Two pieces of AppleScript: one works, one fails—why?

	if foundRecord ≠ {} then
		set theUUID to uuid of item 1 of foundRecord
		return theUUID
	end if

This error traps it for no results.

But why does it not find a record that clearly exists?


Well… from the posts on this thread, it’s not clear it does exist. :wink:

From my database 11…


I can see the damn thing! :sob:

It’s OK - leave it with me: I’ll get there somehow.


Post a screencap of the file you’re seeing in the item list.

Or better, the Info pane’s top sections including Location.

And I was searching for 31/05/2021.

The thing that totally baffles me is that if I leave the answer as the default it comes up with the correct UUID (including if I input that date manually) but if I input any other date it fails.


Edit: to remove more than one me: no wonder, in the circumstances!

Have you tried 5.31.2021?

Yes - and again just now: same error. Please don’t spend too much of your time now on this, I’m getting quite embarrassed about the whole thing! If you have any more ideas, at leisure, just return to the thread when you have time.


No need to be embarrassed.
We’ve all had our :thinking::face_with_symbols_over_mouth: moments in automation.
I’m sure we’re just missing some little detail.

In the replies, is the expected filename, i.e. with the expected date, reported?

1 Like

Thanks for the good cheer! Am sure it’s something quite stupid but have been hammering away at the wretched thing for 24+ hours without getting anywhere!

Let’s relax and come back to it some time. Thanks so much for the support, as usual.


You’re welcome :slight_smile:

tell application "Script Editor"
	display dialog "Enter the link date as DD/MM/YYYY" default answer "01/07/2021"
		--> {button returned:"OK", text returned:"31/05/2021"}
end tell
tell application "DEVONthink 3"
	open database "/Users/stapp/Documents/DevonThink/Diaries.dtBase2"
		--> database id 3
	search "name:Monday 31 May"
		--> {}
error "Can’t get item 1 of {}." number -1728 from item 1 of {}


You’re right. That’s even weirder. The date itself is
current date given «class Krtn»:{weekday:"wday"} --> date "Freitag, 23. Juli 2021 um 19:14:26"
According to script editor.
I give up.

Don’t despair. A date object is displayed using the system’s locale settings. The constants are not coming from that displayed text. They are separate properties of the date object. The display is not the object (“Ceci n’est pas une pipe)”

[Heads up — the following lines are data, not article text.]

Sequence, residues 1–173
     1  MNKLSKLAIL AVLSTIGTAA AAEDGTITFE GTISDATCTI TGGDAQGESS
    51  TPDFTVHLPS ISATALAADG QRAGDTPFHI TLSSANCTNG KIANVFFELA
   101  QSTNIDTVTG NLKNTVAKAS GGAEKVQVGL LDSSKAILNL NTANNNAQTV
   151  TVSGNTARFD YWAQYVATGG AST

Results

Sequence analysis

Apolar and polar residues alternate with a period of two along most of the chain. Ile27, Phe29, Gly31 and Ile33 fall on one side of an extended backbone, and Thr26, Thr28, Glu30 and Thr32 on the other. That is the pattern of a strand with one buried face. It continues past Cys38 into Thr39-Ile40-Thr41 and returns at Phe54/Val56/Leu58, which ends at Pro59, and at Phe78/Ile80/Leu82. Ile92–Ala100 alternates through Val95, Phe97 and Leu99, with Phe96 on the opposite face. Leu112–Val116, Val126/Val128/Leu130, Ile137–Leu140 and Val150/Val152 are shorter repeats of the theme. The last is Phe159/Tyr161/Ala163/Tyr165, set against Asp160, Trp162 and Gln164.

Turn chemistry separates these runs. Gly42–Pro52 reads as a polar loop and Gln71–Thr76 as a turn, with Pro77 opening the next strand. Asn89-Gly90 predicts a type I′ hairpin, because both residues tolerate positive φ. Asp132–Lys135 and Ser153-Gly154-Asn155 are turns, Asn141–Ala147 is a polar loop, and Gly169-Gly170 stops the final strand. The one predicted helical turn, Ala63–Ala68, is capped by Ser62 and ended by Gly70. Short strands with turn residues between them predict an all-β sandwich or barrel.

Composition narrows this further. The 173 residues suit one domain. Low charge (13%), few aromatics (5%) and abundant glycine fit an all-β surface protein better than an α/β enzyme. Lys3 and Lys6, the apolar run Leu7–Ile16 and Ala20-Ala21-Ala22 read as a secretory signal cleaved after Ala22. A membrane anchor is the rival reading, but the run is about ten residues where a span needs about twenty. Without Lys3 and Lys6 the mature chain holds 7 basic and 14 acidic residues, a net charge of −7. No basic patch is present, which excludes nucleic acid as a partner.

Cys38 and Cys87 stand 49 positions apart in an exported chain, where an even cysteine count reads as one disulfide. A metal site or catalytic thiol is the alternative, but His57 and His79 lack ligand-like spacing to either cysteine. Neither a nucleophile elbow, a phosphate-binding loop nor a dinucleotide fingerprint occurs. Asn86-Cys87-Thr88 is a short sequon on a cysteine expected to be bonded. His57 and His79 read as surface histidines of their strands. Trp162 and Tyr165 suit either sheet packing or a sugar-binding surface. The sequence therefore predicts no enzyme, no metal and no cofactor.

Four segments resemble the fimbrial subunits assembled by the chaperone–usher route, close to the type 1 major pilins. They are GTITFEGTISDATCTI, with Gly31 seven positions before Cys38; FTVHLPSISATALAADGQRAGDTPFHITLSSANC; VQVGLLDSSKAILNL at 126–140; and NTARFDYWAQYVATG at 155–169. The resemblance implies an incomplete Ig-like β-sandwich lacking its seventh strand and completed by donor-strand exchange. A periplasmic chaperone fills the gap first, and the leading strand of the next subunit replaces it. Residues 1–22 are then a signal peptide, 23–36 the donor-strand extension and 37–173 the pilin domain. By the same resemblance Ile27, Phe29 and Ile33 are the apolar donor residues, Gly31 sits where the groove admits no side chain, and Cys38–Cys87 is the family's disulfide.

And there is a way to get a date object to display in a language that’s not the system’s.

Now my brain hurts (and the listing you linked to messes up UTF-8 characters :wink: But I see that you had your hands in this AppleScript solution, too – better to think twice next time I comment a post of yours :wink:

Here’s what I’d do in JavaScript

 const locale = "de-AT";
 const weekdayFmt = new Intl.DateTimeFormat(locale, {weekday: "long"});
 const monthFmt = new Intl.DateTimeFormat(locale, {month: "long"});
 const today = new Date();
 today.setMonth(0); /* change month to January to get a more interesting output */
 const weekday = weekdayFmt.format(today);
 const month = monthFmt.format(today);
 console.log(`It's a ${weekday} in ${month}`);

which tells me It's a Samstag in Jänner, which is a really nice touch for our Austrian friends. I find this approach a tad more convenient and robust than fiddling around with locale files that might be stored in another location in a new version of macOS (and/or change the order of lines or whatever).

But I agree, it is feasible. And date/time are a never-ending source of joy and fun:


I have the impression that @Stephen_C and @BLUEFROG are using different ways to search for the record: @Stephen_C does something with (contents of …) whereas @BLUEFROG uses search. Could that make a difference?

Just a wild guess: one of those literal spaces may not be only a space. Replace them with constant ‘space’ [heh]:

set theTarget to wDay & space & dateDay & space & dateMonth & space & dateYear & ".md" as text

Sorry, catching up with everything…

Not now - see this earlier post in the thread.

The reason I think that’s not the problem is this: why the devil does it work if I delete the default date in the input dialog and then input that default date manually, but then if I input any other date in place of the default it fails? Clearly the default date must be being processed by the code in exactly the same manner as any alternative date, surely? So why does one work and the other fail?

Am slightly battered now but tomorrow if I get the chance I’ll try with many alternative dates (I have thousands of records - covering every day of the past 40+ years - with which to experiment!) to see if any of them work (although I’m not optimistic). Something completely bizarre is going on and I simply don’t for the moment know what it is. I don’t think I’m being completely stupid but am beginning to wonder!


You didn’t identify what’s not working
For myself (Canadian)
Script 1 generated targetRecord Thursday 1 July
Script 2 generated targetRecord Thursday 7 January

Stephen, are you running the script from Script Editor or from within DT (as an embedded script in a rule)? If from Script Editor, could you please post a replies window as Jim did in this response?